DW: Penny, can we step away from the science for a second? In the AstraZeneca trials that showed the vaccine was not effective enough against minor symptoms of 501Y.V2, the numbers were small and there was quite a wide margin of uncertainty. Do you think we should have sent the million doses of the vaccine back?

PM: There’s a lot we don’t know from that trial. It was a small trial, and it was not powered to detect severe disease. And actually that’s my major concern – that we don’t know how well the AstraZeneca vaccine protects against severe disease that is caused by 501Y.V2. And that is no fault of the trialists, and no fault of the people who led that trial. It simply wasn’t designed to test that question. It was designed to ask the question about mild and moderate disease. And so they targeted that vaccine against relatively healthy people. They specifically didn’t target that vaccine trial against older folks with comorbidities. And that’s where the severe disease happens. So it was never designed to test that particular question. So, in a country like ours, where our health systems are overburdened, and our hospitals are drowning during the waves, and our nurses and our doctors are exhausted, then actually the thing we need to be protecting against is severe disease. We need to stop people from becoming ill and dying. That’s our first priority. Then we can work backwards from that place and try to protect people from mild to moderate disease. And the major problem is that there is no evidence, one way or the other, about whether the AstraZeneca vaccine does protect against severe disease. I would love to see a way in which we could understand whether that vaccine can protect against severe disease, in which case it should be rolled out immediately to people who are at risk. But the problem is we don’t have that information. And it’s very difficult to make the call without having the right information, and balancing a fear of vaccine hesitancy. It’s a difficult thing to ask people to take a vaccine that you don’t have evidence for, one way or another. I’m deeply grateful I’m not one of the people who has to make that call.

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DW: This is outside of the data as well, but our scientists in South Africa have, in many ways, been on the frontline of the pandemic. As a closing thought, what was the significance of our scientific community’s experience with HIV and TB?

PM: You know it’s not just the South Africans. If you look at the really fantastic science that’s being done on SARS-CoV-2 across the world, it’s often the HIV virologists who’ve kind of pivoted, like we did, and moved across. I think a lot of it is because the platforms and technologies and skills and expertise were so immediately translatable to SARS-CoV-2 that, from a technological point of view, it was a very easy thing to pivot. We have all the platforms in place. And it was a really meaningful, helpful thing to do, and I think from that point of view it appealed to many people. Then, in terms of the collaborations, in South Africa particularly, there’s a really wonderful network of HIV scientists. And I’m by no means saying it is only the HIV scientists who are doing this work, but I think, as an example, the HIV scientists have been doing this work for so many years in this country that it was easy for all of us to then have the networks and the relationships and the existing collaborations. And I’m sure it’s the same in the TB field. You know, collaborations take years to build. And so when you have an existing set of collaborations with people you know you can work with, it’s fast. And I think that was really powerful for us: we can move fast, and we have moved really fast.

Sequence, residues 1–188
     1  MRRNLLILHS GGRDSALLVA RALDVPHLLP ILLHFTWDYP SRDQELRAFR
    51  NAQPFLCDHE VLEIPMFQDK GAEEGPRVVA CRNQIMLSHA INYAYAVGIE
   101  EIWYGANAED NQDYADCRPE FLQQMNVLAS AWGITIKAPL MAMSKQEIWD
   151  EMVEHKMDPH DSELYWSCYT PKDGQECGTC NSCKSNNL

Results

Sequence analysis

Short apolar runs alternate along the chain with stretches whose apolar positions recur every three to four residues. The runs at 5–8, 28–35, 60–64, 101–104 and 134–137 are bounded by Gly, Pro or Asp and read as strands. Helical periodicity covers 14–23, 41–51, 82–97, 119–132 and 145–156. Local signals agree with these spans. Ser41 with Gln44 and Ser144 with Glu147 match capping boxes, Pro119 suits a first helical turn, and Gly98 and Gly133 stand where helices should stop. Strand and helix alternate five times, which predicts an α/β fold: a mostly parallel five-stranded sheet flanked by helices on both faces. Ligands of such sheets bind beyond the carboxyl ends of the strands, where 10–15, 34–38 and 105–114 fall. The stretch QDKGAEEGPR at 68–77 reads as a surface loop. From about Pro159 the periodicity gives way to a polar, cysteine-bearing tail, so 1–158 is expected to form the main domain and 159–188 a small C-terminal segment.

DW: Right, interesting. So, that pivot was made easy by these technical factors. Was there also a degree of social urgency in these collaborations you’re talking about, similar to when TB and HIV posed such monumental risks to society?

PM: I think often people who sign up for HIV and TB and that kind of science are the kind of people who want to be able to improve public health. And this was a really immediate opportunity to help people. It’s what we are all trained for, it’s why we’re in science, it’s why we’re addicted. And I will use that word. Addicted to science. I mean, I’m completely addicted to science, as my partner and family will tell you. And here is something where we have the skills and we have the knowledge and we have the friends and we have the networks to really be able to do something incredibly useful. I think it’s wonderful that we have been able to do that. But what I would do is flip your question on its head, actually, and say that when we have this thing under control – which I hope will be soon – what we need to do, right now actually, what we need to do is translate the sense of urgency that we have all had for SARS-CoV-2 back to HIV and back to TB. You know, the way we do science now has changed completely. The way we communicate science has changed. The way we work together, the way we share things, the way we publish – everything, everything has changed. And now what we need to do – and I really feel strongly about this – is take that new mode of working, and turn it back to HIV and TB, which we kind of started moving too slowly on, I think. I mean, think of how many discoveries have been made, think of how many papers are out there, and how many new collaborations exist around SARS-CoV-2. It happened really flipping fast. And now we need to start working that fast on all the other bugs, including the new ones that are coming our way, because this ain’t the last, unfortunately.